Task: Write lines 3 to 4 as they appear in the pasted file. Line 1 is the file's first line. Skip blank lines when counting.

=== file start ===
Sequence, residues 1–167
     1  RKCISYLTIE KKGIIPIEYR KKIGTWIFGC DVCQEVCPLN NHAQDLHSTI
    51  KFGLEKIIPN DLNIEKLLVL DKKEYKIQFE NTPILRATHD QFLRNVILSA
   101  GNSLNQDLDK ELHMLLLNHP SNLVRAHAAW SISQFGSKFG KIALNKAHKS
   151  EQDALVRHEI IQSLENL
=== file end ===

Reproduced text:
    51  KFGLEKIIPN DLNIEKLLVL DKKEYKIQFE NTPILRATHD QFLRNVILSA
   101  GNSLNQDLDK ELHMLLLNHP SNLVRAHAAW SISQFGSKFG KIALNKAHKS